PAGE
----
As Mifid II looms over the financial industry, advisers are in a race to be ready.
A recent survey by platform provider Nucleus found less than half were confident or very confident that they would be ready for the implementation of the EU regulations, which are set to come into force in January.
The survey of more than 200 firms also found that almost half had a neutral view on their readiness. Only 17 per cent thought the Mifid II changes were fair, while 14 per cent envisioned an increase in fees because of the implementation.
Like many advisers, Minesh Patel, director at EA Financial Solutions, and his staff are doing various things to get themselves ready.
Mr Patel said: “I have not really encountered any firm that is completely ready. The information about Mifid II has been out there, but it is now looming. We are trying to get to grips with it by attending courses.”
To help advisers, Nucleus has partnered with consultancy firm Zero Support to launch a report on Mifid II, called Mifid II: A Guide for Financial Advisers.
It provides information and practical action points on getting businesses compliant with the new regulation ahead of its introduction on 3 January 2018.
These include: keeping a register of all conflicts of interest and reviewing whether their firm needs further qualifications, training or permissions to maintain independent status.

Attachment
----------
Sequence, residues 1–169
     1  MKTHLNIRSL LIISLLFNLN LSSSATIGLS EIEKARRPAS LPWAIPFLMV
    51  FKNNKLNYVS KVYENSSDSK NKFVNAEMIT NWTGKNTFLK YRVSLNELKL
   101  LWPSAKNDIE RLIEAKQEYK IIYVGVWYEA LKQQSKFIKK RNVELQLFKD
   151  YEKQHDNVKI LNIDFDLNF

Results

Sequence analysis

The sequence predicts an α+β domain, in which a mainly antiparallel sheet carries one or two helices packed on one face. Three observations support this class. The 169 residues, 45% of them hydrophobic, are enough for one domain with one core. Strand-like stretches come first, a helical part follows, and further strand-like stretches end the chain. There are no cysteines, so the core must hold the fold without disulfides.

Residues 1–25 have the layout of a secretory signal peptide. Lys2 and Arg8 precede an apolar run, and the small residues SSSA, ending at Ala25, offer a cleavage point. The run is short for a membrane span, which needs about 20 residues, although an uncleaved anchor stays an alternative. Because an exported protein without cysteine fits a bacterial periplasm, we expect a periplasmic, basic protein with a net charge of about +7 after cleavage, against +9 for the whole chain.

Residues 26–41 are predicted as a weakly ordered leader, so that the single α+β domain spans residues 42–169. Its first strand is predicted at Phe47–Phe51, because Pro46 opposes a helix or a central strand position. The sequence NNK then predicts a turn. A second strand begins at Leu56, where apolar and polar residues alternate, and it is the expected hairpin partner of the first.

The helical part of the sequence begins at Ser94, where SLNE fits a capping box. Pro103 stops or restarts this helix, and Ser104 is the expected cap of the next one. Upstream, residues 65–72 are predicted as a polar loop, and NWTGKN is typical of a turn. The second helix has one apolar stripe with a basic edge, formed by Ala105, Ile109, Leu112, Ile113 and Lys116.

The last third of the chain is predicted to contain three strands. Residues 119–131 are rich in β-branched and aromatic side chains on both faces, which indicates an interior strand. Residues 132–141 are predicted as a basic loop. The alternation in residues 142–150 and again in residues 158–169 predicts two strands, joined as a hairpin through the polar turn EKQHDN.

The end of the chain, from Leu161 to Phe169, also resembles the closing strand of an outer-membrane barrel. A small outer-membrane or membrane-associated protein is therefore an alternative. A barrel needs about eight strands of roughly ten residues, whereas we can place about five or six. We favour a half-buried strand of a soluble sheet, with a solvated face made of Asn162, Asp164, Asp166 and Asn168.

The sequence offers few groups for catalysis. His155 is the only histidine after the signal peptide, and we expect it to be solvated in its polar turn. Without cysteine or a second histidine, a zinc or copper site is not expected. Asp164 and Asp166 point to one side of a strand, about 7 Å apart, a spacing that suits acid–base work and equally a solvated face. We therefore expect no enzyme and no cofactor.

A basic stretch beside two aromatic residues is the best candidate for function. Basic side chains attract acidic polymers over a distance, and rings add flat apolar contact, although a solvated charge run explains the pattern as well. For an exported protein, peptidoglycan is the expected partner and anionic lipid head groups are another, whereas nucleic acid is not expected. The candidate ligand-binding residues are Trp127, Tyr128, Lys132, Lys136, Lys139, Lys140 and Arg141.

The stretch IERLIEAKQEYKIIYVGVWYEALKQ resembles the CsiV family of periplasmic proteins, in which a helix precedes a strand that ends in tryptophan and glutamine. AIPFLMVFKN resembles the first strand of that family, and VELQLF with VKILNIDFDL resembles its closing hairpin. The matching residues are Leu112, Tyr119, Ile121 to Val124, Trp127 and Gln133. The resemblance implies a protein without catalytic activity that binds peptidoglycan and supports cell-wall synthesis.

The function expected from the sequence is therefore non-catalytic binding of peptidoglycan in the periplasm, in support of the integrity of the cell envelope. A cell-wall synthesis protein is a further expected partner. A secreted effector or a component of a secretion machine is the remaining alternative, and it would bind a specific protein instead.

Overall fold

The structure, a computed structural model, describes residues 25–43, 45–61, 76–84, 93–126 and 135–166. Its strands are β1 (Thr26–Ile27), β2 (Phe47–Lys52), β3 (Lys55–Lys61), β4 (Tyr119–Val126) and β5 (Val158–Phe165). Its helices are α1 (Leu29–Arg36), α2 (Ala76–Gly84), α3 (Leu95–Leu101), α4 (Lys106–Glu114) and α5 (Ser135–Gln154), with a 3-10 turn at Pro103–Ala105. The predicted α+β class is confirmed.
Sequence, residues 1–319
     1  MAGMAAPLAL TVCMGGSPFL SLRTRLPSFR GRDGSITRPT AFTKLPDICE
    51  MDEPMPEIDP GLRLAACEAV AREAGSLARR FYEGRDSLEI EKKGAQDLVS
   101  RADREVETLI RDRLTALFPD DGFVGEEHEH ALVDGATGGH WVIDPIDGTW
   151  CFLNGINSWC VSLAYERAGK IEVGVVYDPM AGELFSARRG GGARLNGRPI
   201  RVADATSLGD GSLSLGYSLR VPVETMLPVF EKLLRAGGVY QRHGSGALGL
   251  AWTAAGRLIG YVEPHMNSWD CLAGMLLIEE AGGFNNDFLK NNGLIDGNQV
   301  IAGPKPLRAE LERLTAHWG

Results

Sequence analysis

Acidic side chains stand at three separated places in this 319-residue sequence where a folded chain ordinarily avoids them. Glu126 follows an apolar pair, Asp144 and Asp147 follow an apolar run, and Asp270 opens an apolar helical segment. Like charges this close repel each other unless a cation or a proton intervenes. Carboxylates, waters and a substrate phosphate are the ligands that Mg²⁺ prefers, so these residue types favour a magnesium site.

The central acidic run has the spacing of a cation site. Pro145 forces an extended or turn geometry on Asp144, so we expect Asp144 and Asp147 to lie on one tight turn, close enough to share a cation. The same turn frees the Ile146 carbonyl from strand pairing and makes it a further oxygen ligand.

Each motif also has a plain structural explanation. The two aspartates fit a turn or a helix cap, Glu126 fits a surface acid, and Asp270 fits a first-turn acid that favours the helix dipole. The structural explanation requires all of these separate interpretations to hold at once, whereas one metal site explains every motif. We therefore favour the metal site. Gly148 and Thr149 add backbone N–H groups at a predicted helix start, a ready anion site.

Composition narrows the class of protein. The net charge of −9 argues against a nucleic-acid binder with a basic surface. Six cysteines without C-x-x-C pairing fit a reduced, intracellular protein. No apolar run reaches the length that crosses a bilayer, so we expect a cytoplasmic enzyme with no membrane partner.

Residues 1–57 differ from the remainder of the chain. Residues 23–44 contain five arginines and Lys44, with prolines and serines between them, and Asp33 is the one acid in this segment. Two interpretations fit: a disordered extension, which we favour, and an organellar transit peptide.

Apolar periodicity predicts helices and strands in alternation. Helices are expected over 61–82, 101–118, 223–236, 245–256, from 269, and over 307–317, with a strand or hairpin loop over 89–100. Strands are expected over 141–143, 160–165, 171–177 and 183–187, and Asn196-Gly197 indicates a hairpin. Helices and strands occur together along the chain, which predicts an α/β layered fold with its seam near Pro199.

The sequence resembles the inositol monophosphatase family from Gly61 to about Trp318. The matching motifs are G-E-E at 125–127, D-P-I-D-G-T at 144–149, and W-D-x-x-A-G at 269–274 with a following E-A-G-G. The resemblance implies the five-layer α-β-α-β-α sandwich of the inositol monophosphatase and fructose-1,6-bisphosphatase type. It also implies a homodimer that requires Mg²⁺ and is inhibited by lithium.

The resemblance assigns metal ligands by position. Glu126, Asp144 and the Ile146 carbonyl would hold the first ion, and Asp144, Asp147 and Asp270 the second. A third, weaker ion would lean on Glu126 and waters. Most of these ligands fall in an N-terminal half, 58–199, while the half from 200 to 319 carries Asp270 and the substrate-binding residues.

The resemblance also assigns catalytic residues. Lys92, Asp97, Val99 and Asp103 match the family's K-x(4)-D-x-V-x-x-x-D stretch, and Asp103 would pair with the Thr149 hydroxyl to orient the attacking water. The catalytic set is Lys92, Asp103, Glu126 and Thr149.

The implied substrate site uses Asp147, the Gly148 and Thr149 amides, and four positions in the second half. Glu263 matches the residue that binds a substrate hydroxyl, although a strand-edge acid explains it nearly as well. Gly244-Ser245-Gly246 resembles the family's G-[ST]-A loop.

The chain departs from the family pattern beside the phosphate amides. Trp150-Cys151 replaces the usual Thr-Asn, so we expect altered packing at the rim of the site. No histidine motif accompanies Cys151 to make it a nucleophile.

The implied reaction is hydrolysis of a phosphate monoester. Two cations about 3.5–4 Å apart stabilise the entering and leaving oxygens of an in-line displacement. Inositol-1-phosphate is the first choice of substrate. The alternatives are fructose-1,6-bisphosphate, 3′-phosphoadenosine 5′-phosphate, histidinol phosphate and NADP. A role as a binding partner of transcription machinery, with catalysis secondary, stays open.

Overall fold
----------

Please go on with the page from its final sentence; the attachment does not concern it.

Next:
Advisers should also review their recruitment procedures and assess if they need tightening.
For those who use discretionary fund managers (DFMs), advisers should check if their DFM or platform will offer online reporting access to avoid the need for paper reporting and, where model portfolios are being used, whether the responsibility for regularly checking suitability sits with the adviser.
Barry Neilson, chief customer officer at Nucleus, said: “There are still areas which require clarification, but given there is not long to go until the implementation date, there is a significant risk the industry will not have the opportunity to collaborate.
“We may find ourselves in a situation where firms are interpreting the rules about issues such as charges and fees aggregation in different ways, resulting in less consistency and more confusion.”
Ima Jackson-Obot is features writer at Financial Adviser